Cognitive Enhancers in Children and Adolescents: What Psychiatrists Need to Know

Psychiatric TimesVol 34 No 1
Volume 34
Issue 1

Personal enhancements (eg, cosmetic surgery) have gained societal acceptance, but cognitive enhancement poses significant ethical, philosophical, and sociopolitical issues.



Cognitive enhancement is often characterized by attempts to increase the performance of cognitive functions, such as attention or memory, in healthy individuals. Defined by Juengst, enhancement is a term used to “characterize interventions designed to improve human form or functioning beyond what is necessary to sustain or restore good health.”1

While humans and other species have consistently made efforts to improve from an evolutionary standpoint, what is relatively new is the impact of medications and technological advances in enhancing such efforts. Although personal enhancements such as cosmetic surgery have gained societal acceptance, interventions such as cognitive enhancement continue to be a matter of significant ethical, philosophical, and sociopolitical debate.

Pharmacological agents

It is important to understand that the use of any currently available pharmaceutical agents to enhance cognition is off-label and is limited by evidence of efficacy.

Psychostimulants. While stimulants are most often used to treat ADHD and narcolepsy, these medications have also been used off-label as an augmentation strategy in depression, to manage fatigue in patients with cancer, and to treat apathy in patients with dementia. Methylphenidate and dextroamphetamine are believed to work by allosteric inhibition of presynaptic dopamine and norepinephrine transporters, thereby preventing neurotransmitter reuptake and resulting in enhanced monoaminergic neurotransmission. In addition, amphetamines result in vesicular release of dopamine.

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Mini Quiz: Cognitive Enhancers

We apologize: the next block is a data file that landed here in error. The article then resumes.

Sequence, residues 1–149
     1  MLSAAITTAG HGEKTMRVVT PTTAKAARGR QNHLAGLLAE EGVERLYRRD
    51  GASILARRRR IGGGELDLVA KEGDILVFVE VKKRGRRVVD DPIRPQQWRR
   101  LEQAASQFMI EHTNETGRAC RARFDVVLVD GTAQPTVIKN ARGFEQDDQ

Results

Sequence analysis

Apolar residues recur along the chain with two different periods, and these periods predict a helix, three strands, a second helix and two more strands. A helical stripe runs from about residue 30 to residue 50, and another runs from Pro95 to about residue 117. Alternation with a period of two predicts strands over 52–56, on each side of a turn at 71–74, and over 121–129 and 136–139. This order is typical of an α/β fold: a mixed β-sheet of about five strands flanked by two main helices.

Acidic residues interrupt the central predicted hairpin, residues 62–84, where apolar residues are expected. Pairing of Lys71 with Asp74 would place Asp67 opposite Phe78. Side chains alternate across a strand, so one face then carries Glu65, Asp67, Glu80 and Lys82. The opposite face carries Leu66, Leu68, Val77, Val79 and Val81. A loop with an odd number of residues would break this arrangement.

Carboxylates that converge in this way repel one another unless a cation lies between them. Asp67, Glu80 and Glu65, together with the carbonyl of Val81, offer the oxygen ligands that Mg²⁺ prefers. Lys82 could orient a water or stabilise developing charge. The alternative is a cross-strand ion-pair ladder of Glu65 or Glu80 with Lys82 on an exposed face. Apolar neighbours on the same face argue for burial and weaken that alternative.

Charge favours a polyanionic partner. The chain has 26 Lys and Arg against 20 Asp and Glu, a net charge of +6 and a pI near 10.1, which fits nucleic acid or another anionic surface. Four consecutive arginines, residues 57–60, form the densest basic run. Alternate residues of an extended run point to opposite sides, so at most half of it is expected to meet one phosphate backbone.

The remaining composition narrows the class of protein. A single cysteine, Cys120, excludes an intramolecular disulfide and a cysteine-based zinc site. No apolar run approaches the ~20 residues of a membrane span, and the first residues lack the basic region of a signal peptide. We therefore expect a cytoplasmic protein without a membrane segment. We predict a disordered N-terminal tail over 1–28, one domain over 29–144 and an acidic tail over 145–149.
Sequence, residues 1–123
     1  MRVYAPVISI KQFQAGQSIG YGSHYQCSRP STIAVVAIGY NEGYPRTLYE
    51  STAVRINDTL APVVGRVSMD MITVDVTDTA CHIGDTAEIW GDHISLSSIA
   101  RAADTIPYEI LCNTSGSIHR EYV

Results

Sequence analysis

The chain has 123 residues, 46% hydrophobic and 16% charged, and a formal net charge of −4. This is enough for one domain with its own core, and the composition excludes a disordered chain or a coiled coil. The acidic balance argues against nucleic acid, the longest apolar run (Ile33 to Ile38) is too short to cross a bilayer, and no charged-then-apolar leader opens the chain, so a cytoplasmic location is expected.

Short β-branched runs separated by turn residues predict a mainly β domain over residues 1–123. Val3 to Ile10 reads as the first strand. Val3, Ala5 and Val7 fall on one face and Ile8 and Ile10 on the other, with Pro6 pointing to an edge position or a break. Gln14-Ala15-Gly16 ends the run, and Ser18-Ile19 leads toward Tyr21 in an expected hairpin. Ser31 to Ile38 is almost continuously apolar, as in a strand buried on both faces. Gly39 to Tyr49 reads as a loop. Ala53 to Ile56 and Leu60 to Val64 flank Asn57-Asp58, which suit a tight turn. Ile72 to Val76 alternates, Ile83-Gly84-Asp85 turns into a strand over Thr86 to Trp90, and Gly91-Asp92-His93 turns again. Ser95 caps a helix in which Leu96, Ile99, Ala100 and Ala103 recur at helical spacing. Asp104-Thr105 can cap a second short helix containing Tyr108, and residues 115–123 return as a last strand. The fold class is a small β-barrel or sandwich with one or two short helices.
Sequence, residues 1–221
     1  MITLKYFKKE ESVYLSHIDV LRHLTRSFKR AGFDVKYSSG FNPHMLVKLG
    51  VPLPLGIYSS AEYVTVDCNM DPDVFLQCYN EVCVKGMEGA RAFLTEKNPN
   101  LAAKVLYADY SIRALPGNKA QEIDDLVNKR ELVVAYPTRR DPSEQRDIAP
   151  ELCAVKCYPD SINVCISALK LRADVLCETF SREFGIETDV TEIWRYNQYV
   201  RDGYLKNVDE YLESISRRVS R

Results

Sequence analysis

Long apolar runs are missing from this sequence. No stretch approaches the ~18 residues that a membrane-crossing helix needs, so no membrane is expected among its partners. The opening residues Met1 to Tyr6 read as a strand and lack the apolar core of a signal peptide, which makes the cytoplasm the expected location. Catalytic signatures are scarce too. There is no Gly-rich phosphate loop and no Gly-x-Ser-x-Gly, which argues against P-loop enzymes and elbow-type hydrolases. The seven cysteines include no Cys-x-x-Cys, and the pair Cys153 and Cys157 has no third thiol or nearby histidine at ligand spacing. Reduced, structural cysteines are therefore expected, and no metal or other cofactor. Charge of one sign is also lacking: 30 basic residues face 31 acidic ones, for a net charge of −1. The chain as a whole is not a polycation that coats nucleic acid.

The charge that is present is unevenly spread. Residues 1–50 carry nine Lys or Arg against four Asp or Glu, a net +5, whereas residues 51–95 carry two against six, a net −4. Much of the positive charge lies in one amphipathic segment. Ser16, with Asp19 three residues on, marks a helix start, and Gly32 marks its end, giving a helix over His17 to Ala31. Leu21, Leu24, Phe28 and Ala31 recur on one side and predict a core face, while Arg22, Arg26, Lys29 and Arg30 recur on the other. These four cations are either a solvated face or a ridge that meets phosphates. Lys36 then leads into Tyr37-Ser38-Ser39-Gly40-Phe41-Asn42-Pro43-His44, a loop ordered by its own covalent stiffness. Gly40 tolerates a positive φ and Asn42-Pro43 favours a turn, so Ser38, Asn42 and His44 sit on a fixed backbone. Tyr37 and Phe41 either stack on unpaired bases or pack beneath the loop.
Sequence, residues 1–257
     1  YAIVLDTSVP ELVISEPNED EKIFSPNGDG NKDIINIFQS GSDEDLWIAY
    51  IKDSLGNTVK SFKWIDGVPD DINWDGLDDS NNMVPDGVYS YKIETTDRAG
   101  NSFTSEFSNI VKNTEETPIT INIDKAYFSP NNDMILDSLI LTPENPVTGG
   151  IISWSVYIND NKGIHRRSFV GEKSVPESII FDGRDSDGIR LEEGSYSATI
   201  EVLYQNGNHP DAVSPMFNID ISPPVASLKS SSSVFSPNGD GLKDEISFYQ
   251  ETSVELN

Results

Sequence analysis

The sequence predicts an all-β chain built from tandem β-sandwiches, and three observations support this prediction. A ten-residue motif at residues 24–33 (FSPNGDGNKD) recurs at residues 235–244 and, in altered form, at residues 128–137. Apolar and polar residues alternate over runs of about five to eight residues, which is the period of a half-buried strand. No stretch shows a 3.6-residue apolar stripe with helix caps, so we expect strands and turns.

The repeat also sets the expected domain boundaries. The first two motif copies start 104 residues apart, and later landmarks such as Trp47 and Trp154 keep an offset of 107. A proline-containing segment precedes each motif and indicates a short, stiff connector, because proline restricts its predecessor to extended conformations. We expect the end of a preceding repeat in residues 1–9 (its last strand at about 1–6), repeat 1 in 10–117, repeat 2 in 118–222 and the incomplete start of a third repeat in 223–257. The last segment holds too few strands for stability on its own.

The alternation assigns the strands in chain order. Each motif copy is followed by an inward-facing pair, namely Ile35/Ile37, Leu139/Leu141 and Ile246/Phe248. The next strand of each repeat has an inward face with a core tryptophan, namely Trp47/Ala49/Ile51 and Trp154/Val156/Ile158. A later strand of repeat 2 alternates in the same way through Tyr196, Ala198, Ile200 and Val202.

Methylphenidate and dextroamphetamine have been used successfully in a variety of formulations to manage symptoms of ADHD in children, adolescents, and adults. While effective, stimulants are associated with decreased appetite and weight, insomnia, headache, irritability, and mood changes, as well as palpitations, tachycardia, and substance abuse. Overall, analysis of existing studies provides no consistent evidence for neuroenhancement effects with methylphenidate, although evidence for a positive effect on memory, especially spatial memory, was observed in healthy individuals.2 As a result, based on current evidence, there may be only slight enhancing effects of stimulants in the healthy population, if any, and their use for enhancement may be countered by potential adverse effects.

Modafinil. Modafinil is a wake-promoting agent that has been used for narcolepsy and was researched for use in ADHD. Some studies suggest that nearly 90% of modafinil use is by healthy, non–sleep-deprived individuals such as physicians, academics, and students.3 While the exact mechanism is unknown, modafinil may exert its effect by modulating GABA- and glutamate-mediated neurotransmission, thereby resulting in reuptake inhibition of dopamine and norepinephrine. Modafinil is not approved for use in ADHD because of its potentially life-threatening adverse effects.

Systematic reviews indicate that there is evidence of enhancing effects with modafinil, although such effects are moderate. Repantis and colleagues2 found that modafinil improved attention for well-rested individuals. In individuals who were sleep-deprived, the effects were even more pronounced, especially on wakefulness, memory, and executive functions. Interestingly, Baranski and colleagues3 reported that sleep-deprived individuals who took modafinil overrated their cognitive performance on tests and had an actual “overconfidence” effect.